Love you neighbor.
It’s such a simple statement. Seems so easy. Seems like the right thing to do. Seems like everyone would want to do so.
Last year when our community was destroyed by tornados, I saw so many people rush to help others. I saw young and old, black and white, those who had plenty and those who had so very little, all come together and help each other rebuild. Everybody was loving their neighbor. A local mama created t-shirts that said: “Love your neighbor #daytonstrong” and donated the proceeds to the community. I purchased one and wore it proudly. I was heartbroken for our city and yet so very proud of her.
A few months later, another tragedy took place. And once again, there were tears and heartache. Again, I saw the same people rally behind each other and offer support. Again, we put on our tees and declared ourselves #daytonstrong.
We loved our neighbors. We donated money, we fundraised, we worked tirelessly, we had conversations, we wiped tears and over and over we said, “Love Wins.”
And then one day, we sat watching the news and a pandemic was declared and everything started shutting down. Schools were closed. Businesses were closed. Everyone rushed to the stores for supplies. Fear gripped us all.
And in an instant, I saw the love leave.
There was a moment there, the first few weeks of quarantine, when artists freely shared living room concerts, libraries read stories, and DoorDash was free. And I felt for a moment, everything was going to be ok. Because we love our neighbors and we were all in this together.
But then, it seems, the fear took over. Issue after issue swept our nation. And everyone had an opinion. And the first time I saw a friend on Facebook post, “If you don’t agree with me, you can unfriend me,” and my heart broke. It broke again and again as more and more people posted similar posts – about all the topics. These were my friends, my coworkers, my family! These were people I’d sat in the same conference room with, people I would stop and chat in the hallways with at work. Some of them I did agree with, some of them I didn’t. But they didn’t know if I did or not. Sometimes I’d wonder:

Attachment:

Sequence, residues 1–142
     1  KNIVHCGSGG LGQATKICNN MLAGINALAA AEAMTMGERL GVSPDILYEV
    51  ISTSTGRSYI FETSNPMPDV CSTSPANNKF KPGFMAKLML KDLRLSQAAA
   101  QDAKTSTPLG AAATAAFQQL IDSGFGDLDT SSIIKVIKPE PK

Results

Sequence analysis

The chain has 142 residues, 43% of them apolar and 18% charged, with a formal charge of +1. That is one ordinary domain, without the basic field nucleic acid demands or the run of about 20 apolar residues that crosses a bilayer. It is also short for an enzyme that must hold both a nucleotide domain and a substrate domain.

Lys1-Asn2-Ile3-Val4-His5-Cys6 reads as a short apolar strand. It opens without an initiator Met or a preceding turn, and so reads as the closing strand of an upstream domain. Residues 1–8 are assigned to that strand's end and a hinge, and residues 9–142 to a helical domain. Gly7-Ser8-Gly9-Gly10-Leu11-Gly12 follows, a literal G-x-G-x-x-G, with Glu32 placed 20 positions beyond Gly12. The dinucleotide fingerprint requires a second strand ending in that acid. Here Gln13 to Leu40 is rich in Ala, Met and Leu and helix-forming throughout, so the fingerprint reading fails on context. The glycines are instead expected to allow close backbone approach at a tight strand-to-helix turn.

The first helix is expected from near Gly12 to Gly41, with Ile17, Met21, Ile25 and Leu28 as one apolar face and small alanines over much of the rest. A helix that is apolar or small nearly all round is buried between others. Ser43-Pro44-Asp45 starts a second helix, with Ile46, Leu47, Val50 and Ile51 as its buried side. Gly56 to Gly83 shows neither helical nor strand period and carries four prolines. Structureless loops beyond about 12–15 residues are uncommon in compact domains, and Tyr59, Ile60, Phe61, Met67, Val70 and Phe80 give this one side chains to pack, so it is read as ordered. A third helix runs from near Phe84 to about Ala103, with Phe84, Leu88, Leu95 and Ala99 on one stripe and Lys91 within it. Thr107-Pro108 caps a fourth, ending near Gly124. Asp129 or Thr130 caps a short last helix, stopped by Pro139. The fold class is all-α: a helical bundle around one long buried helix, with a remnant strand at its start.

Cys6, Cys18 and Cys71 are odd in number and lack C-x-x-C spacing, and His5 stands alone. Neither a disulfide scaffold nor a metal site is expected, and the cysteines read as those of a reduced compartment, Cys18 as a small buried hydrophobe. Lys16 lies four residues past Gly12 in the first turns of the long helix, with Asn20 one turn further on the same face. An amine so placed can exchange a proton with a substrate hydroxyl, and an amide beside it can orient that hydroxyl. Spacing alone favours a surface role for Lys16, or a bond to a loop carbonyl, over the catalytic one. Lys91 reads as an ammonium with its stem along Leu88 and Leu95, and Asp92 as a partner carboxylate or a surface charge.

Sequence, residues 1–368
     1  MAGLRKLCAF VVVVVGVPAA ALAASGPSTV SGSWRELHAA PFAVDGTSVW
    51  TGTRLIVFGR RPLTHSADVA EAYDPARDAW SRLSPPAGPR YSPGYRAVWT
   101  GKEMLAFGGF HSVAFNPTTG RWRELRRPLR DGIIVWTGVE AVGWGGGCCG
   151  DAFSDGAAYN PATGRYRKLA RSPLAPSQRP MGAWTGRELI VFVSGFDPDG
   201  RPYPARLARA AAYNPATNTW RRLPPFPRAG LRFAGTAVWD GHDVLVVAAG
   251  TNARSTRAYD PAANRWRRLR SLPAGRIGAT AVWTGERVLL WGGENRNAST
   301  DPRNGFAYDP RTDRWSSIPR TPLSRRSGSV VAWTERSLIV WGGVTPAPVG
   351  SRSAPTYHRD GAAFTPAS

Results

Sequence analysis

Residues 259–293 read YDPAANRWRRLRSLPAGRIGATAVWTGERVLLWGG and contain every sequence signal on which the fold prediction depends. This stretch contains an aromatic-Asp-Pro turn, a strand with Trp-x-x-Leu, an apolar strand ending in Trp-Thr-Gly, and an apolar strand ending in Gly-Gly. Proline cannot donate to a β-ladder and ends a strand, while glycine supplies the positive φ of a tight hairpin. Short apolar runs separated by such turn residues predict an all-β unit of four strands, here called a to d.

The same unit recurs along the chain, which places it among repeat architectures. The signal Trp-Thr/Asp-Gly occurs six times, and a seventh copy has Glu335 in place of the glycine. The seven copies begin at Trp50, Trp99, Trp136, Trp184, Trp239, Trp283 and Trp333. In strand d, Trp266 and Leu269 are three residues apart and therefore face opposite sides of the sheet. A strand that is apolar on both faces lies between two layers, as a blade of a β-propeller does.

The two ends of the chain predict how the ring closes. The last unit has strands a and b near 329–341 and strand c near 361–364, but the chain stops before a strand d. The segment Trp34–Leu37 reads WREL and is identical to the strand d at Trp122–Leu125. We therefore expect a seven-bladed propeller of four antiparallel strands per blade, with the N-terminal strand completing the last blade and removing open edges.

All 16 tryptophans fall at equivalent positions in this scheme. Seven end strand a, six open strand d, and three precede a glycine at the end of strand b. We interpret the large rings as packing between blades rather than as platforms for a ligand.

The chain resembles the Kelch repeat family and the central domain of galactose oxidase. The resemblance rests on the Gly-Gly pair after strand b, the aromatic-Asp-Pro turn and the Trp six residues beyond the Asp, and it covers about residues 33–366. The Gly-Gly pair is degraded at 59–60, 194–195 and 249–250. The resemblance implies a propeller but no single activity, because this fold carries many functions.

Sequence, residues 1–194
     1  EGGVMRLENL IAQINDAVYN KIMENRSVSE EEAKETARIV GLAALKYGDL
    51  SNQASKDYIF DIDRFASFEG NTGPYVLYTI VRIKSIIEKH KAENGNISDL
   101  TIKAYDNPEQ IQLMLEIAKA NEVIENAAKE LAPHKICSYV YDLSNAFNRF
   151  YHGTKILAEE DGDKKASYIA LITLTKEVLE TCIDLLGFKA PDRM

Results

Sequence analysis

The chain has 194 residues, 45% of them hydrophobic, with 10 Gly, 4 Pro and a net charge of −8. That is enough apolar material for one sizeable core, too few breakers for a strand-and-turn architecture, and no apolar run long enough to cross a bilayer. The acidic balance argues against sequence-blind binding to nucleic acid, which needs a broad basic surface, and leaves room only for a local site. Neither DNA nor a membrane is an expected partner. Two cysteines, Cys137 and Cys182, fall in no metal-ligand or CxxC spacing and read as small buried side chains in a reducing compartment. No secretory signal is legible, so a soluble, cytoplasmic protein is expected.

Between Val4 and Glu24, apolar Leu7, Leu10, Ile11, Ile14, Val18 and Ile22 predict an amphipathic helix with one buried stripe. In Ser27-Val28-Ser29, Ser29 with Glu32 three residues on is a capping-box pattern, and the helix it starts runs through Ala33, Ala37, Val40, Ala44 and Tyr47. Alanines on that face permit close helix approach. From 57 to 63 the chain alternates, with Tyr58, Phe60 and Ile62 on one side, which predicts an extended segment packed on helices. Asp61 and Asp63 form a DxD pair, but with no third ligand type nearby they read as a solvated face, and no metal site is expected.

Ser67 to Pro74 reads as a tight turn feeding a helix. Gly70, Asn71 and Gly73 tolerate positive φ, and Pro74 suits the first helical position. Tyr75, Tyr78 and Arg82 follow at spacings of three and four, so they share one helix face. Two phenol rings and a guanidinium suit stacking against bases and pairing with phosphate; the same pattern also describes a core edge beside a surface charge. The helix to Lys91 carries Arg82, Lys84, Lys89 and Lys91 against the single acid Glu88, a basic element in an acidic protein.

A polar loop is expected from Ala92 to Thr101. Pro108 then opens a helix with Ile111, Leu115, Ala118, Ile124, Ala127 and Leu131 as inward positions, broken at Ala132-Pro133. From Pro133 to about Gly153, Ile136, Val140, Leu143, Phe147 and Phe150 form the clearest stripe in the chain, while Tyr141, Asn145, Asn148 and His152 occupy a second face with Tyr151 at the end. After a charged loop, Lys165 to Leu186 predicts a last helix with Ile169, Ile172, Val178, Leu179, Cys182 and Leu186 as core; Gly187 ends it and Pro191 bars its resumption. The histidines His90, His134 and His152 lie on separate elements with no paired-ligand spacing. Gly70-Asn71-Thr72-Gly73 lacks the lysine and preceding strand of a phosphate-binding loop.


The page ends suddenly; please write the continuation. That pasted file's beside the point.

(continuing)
“Did they really mean me? If they knew I didn’t agree, would they be surprised? Would they even care?”
And, I wondered, where is the love? Where is the concern for the fellow man? Why do we, all of a sudden, declare our thoughts, opinions, values are the correct ones and everyone else who feels differently is wrong and bad? Why are we all so afraid? Why is fear controlling us? Why can’t we love our neighbors? Why can’t we all be in this together? Why can’t we support each other and lift each other up instead of tearing each other down?
The thing is, we can. I’ve seen it. Last June and last August proved it. I’ve felt it. I’ve heard it.
Because we ARE #DaytonStong.
Because we DO love our neighbors. We just have to remember it. And allow our love to be stronger than our fear. Stronger than the hate.
Take a break from the news, friends. Put down Facebook for a moment. Text someone you haven’t seen since March and ask how they are. Plan a social distancing coffee date. Send letters to a nursing home. Take a food basket to someone who may be struggling. Help a momma out that’s been quarantined with toddlers for six months now.
Please, please. Just love your neighbors.